The last option of course makes the most sense. If you make something totally free to all the quality will suck as people abuse the system. We are not anywhere near the ideal system because of runaway costs in the system, but the real question is the ideal we should strive for, and a system that is free for all and good for none is not my idea of the best end-goal.

    Forcing people to buy health care is not a great idea if you take away choice as to what they can buy and make sure that all plans you can purchase are loaded with options many may not want.

  • by DavidTC (10147) <slas45dxsvadiv.v ... m ['x.c' in gap]> on Monday December 13, 2010 @04:12PM (#34538168) Homepage

    Indeed, I half suspected something like this would happen, and as someone as liberal as humanly possible, I am laughing my ass off.

    To recap: We should have had single payer system.

    Instead, insurance companies, looking to make even more money, promised to insure everyone...but only if everyone was forced to buy from them, so that the healthy couldn't skip out on the deal.

    If the latter part of that gets sentence struck down, insurance companies will have to insure anyone who wants it (I.e, who is currently sick) and then, when healthy, the person can just let their insurance lapse, secure in the fact they can just buy more insurance when they need, because insurance companies can no longer deny insurance on any grounds except failure to pay.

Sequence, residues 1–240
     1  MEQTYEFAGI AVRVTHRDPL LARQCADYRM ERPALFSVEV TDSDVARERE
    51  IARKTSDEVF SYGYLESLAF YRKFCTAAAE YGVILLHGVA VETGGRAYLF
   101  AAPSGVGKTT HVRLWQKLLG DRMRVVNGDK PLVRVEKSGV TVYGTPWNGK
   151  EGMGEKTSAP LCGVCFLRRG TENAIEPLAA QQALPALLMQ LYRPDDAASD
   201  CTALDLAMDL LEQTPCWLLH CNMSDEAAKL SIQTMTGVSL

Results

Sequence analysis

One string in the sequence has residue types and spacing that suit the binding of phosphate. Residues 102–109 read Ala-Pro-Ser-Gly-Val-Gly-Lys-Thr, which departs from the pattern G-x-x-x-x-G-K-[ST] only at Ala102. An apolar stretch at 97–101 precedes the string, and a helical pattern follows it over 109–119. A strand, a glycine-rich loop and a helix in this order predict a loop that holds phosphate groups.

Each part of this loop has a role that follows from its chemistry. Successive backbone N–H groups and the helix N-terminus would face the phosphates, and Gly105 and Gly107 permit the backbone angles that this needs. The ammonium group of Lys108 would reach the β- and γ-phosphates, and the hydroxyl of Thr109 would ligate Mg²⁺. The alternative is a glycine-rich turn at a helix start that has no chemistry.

I am fucking rolling on the floor laughing. I mean that literally. I read this an hour ago, and it's taken me that long to stop laughing to comment. I had to make a support call during that, and I had serious difficulty not cracking up during it.

    You just utterly fucked yourself, insurance companies. Oh, man, oh man.

    I hope the teaparty folks take this as a rallying cry, and regardless of how this goes in the court, yell at their congressmen to remove exactly this part of the law.

  • by russotto (537200) on Monday December 13, 2010 @05:33PM (#34539424) Journal

    I think if they can not get 6 justices to agree that some law is unconstitutional than they should leave it alone.

    I think if as many as 3 justices think a law is unconstitutional, it should be struck down.

  • Re:Surprise move? (Score:2, Interesting)

    by Anonymous Coward on Monday December 13, 2010 @06:01PM (#34539854)

    And for the next World War we need all possible Americans to be in top physical condition which means they must have healthcare...

  • by Bryan Ischo (893) * on Monday December 13, 2010 @06:06PM (#34539906) Homepage

    "the reason why the medical system is broken in the USA is because of the terribly unhealthy advice we give for diet from the USDA"

    False. I lived in New Zealand, where the obesity rates are comparable (maybe slightly less but not much so) than in the USA. Their national health care system worked just fine in these circumstances. It's true that the average cost to everyone was certainly higher because of people's poor personal health choices; but the costs were still reasonable.

    Let me tell you the few things that were markedly different between the way things worked there and the way they work here (in the USA):